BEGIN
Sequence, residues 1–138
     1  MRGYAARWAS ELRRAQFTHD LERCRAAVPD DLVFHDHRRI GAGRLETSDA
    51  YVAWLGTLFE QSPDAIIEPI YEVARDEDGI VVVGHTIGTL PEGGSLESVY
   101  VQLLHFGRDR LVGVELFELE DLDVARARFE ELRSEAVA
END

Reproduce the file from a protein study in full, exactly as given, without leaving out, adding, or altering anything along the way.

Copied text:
Sequence, residues 1–138
     1  MRGYAARWAS ELRRAQFTHD LERCRAAVPD DLVFHDHRRI GAGRLETSDA
    51  YVAWLGTLFE QSPDAIIEPI YEVARDEDGI VVVGHTIGTL PEGGSLESVY
   101  VQLLHFGRDR LVGVELFELE DLDVARARFE ELRSEAVA